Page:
I had to learn to release that guilt. I had to just learn to just say, “You know what? This is just a part of me.” We need to eat healthy. We need to eat green food. We need to drink water every day. There are just things that we need to do to keep our body working optimally. For me, I need to be able to consume something that will help me sleep. I choose to do that with something that is more natural, that is not harming my body.
That’s actually helping my body to repair itself and helping it to get the sleep that it needs. Once you accept it that you need weed or whether you need it or want it, or however you look at it, once you accept that, that guilt starts to walk away. That shame starts to just release because you realize, “This is helping me. Why would I deny myself something that’s going to help me show up my best?”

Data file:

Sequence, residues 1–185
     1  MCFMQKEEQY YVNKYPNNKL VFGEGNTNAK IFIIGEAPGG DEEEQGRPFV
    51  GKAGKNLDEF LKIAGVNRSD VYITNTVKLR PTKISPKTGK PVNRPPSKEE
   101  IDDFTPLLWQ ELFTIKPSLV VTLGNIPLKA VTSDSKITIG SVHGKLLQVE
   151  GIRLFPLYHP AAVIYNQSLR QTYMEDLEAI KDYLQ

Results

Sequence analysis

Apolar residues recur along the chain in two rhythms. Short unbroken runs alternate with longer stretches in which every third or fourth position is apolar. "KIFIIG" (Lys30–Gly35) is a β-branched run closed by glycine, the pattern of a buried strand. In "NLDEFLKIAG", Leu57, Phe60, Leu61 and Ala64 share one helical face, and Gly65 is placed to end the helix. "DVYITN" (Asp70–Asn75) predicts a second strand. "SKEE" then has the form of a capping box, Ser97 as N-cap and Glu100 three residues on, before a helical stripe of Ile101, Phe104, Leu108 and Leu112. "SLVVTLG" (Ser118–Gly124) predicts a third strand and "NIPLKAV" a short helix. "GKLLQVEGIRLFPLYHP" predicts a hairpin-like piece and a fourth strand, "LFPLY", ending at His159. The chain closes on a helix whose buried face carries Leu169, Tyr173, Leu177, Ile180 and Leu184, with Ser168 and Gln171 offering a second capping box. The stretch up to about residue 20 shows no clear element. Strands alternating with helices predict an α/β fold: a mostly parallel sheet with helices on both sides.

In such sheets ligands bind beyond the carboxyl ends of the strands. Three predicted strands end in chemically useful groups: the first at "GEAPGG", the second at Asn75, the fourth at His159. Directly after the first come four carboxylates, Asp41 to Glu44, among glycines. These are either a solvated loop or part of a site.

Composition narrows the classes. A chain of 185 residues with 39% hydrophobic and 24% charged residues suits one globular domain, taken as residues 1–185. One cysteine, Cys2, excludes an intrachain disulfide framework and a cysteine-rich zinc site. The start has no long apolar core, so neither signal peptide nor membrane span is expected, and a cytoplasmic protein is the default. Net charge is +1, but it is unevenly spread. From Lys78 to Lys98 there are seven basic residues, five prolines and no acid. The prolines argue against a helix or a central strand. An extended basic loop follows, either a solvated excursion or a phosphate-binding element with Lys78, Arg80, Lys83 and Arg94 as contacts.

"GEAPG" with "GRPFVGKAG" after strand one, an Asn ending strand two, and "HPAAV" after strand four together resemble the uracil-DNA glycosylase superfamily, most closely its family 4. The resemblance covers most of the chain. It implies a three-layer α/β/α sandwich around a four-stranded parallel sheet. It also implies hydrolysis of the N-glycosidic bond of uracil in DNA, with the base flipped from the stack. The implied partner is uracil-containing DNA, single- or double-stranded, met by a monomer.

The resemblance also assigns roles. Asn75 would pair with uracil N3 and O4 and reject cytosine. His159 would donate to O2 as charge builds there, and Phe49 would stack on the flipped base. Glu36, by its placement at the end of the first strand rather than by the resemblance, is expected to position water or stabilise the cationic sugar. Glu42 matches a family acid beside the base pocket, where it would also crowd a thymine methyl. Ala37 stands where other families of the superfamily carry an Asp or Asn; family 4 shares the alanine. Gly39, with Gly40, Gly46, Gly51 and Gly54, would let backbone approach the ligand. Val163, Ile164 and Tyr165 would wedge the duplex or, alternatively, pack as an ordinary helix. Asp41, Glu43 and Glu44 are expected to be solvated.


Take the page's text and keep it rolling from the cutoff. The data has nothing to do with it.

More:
Ellen Scanlon (06:49):
Well, some people are able to consume cannabis occasionally for sleep, maybe while you’re up against a tough deadline at work or are coping with anxiety or loss, yet others who suffer from chronic sleep disorders may need more regular help. I hope these sleep episodes have encouraged you to be more kind to yourself, whatever your sleep issues. I have to say, I agree with Stacy. It’s time to release guilt or shame and accept and embrace the cannabis tool that’s helping you.
Sleep is such an essential part of maintaining a healthy lifestyle, and cannabis can be a really great resource to help facilitate a more balanced regimen. Whether you’re consuming cannabis every night or every once in a while, everyone wants to know how they’re going to feel the next morning. Figuring this out might take some time, and it’s pretty common to start with a dose that’s a little too strong. Stacy shares a story about a little CBD gummy that had a big effect.
Stacy Zeal (07:58):